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Paper Mario: The Origami King dev wants to offer fans “new experiences and surprises” instead of relying on previous gameplay systems

Posted on June 30, 2020 by (@NE_Brian) in News, Switch

Following the first couple of Paper Mario games on N64 and GameCube, some fans would argue that the series has experienced some bumps in the road. Whereas those initial entries stuck to the tried-and-true RPG format, latter titles started to venture in different directions. Most would say that the low point of the series was Sticker Star, which de-emphasized battles and featured throwaway stickers as its primary mechanic.

Nintendo and Intelligent Systems are now giving Paper Mario another shot with The Origami King, which launches in just a few weeks. The game will have another alternate take on battles with a ring-based system.

Speaking with Game Informer, Nintendo producer Kensuke Tanabe indicated he’s more interested in trying new ideas rather than relying on familiar gameplay systems:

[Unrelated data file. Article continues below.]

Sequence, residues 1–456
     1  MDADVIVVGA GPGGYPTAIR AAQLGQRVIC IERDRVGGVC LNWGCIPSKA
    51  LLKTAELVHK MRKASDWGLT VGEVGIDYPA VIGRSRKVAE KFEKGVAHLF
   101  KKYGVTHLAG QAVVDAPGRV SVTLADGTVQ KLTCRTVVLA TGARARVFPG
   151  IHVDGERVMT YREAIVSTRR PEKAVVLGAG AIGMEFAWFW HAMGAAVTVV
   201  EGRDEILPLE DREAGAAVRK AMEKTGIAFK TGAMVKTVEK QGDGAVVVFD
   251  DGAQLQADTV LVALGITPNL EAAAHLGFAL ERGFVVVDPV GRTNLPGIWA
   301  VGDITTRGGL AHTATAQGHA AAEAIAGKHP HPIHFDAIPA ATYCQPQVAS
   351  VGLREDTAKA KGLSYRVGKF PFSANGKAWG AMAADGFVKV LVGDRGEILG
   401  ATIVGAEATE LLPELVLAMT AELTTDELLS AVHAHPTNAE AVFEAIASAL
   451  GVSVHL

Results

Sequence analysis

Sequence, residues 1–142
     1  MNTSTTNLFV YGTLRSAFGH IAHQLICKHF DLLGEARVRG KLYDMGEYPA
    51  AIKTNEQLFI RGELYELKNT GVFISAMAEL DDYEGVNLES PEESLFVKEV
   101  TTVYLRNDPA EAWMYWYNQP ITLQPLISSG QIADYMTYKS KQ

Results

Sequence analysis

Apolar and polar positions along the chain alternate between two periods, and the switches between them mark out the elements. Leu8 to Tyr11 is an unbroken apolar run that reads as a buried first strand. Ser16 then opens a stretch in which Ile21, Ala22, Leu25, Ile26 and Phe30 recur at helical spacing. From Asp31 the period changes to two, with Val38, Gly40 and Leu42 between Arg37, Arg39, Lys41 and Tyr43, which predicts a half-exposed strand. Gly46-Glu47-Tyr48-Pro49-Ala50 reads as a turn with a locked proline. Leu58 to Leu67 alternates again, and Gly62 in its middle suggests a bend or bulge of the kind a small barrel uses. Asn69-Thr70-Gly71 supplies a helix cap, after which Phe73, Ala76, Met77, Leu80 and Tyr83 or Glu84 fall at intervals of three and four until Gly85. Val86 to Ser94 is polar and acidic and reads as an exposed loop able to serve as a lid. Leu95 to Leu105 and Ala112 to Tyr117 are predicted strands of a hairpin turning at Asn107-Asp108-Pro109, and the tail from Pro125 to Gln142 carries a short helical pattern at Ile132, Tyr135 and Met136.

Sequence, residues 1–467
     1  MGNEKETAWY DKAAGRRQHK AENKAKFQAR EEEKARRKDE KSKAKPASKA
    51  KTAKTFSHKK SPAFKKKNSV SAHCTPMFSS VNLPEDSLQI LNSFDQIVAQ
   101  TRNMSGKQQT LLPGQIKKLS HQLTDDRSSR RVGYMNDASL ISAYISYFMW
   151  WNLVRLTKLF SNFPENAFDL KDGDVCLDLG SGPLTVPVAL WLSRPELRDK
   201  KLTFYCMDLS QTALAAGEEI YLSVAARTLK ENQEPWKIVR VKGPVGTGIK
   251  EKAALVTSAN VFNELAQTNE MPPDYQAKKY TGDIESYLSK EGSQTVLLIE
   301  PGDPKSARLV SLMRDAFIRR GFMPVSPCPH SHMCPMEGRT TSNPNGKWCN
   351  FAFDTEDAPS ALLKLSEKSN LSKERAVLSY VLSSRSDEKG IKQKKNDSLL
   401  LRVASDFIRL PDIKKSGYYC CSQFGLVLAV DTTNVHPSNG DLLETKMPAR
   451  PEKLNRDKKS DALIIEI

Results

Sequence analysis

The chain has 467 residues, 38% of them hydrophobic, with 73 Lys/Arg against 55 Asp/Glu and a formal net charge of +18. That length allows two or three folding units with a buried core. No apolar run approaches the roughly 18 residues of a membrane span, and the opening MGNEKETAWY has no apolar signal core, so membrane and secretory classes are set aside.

“When continuing a game series, it’s much easier to carry over the basics from an existing game system rather than building new systems for each new installment. But that’s not how you create new experiences or unexpected surprises. As a game designer, I want to deliver new experiences and surprises to our fans, so I always challenge myself to create something new. To be sure, I will sometimes use the same system in a subsequent game to further develop that system until I feel it has reached its full potential. But my goal is to continue to tackle new challenges as much as possible.”

Tanabe later added:

“We never considered whether or not we should implement a party-based system like some other games. As we worked on Paper Mario: The Origami King, we decided we could create more memorable moments if Olivia and the other characters team up with Mario along the way. In other words, we first determine what elements are needed in a game and then figure out how to implement and program them. Bobby, the Bob-omb, was the first character we decided to include, and from there we chose the characters that would be the best fit for the events in each stage of the game. Bowser Jr. was an exception. The director, Mr. Masahiko Nagaya, personally had strong feelings about including a storyline where a son sets out to save his father, so in this case, we decided to include the character before deciding exactly what we would have him do.”

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